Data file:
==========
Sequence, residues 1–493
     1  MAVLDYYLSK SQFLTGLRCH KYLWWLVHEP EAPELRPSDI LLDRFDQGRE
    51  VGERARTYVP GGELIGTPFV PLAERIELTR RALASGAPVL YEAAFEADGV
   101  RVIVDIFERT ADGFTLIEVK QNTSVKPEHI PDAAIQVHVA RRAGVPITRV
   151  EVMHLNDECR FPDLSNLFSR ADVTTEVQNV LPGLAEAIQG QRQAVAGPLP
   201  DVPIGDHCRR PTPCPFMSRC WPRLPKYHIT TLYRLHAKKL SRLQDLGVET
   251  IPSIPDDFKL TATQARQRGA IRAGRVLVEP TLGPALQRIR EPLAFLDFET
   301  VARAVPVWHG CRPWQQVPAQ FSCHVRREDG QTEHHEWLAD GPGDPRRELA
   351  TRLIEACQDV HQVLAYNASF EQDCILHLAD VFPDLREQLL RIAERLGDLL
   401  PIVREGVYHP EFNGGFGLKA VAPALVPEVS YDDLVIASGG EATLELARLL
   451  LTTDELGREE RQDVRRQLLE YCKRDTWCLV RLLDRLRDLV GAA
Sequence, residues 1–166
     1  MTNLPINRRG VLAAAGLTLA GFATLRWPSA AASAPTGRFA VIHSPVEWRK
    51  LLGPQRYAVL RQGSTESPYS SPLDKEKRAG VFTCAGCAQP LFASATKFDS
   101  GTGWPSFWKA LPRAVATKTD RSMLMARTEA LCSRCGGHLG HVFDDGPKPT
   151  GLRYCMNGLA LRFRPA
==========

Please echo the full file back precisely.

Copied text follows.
Sequence, residues 1–493
     1  MAVLDYYLSK SQFLTGLRCH KYLWWLVHEP EAPELRPSDI LLDRFDQGRE
    51  VGERARTYVP GGELIGTPFV PLAERIELTR RALASGAPVL YEAAFEADGV
   101  RVIVDIFERT ADGFTLIEVK QNTSVKPEHI PDAAIQVHVA RRAGVPITRV
   151  EVMHLNDECR FPDLSNLFSR ADVTTEVQNV LPGLAEAIQG QRQAVAGPLP
   201  DVPIGDHCRR PTPCPFMSRC WPRLPKYHIT TLYRLHAKKL SRLQDLGVET
   251  IPSIPDDFKL TATQARQRGA IRAGRVLVEP TLGPALQRIR EPLAFLDFET
   301  VARAVPVWHG CRPWQQVPAQ FSCHVRREDG QTEHHEWLAD GPGDPRRELA
   351  TRLIEACQDV HQVLAYNASF EQDCILHLAD VFPDLREQLL RIAERLGDLL
   401  PIVREGVYHP EFNGGFGLKA VAPALVPEVS YDDLVIASGG EATLELARLL
   451  LTTDELGREE RQDVRRQLLE YCKRDTWCLV RLLDRLRDLV GAA
Sequence, residues 1–166
     1  MTNLPINRRG VLAAAGLTLA GFATLRWPSA AASAPTGRFA VIHSPVEWRK
    51  LLGPQRYAVL RQGSTESPYS SPLDKEKRAG VFTCAGCAQP LFASATKFDS
   101  GTGWPSFWKA LPRAVATKTD RSMLMARTEA LCSRCGGHLG HVFDDGPKPT
   151  GLRYCMNGLA LRFRPA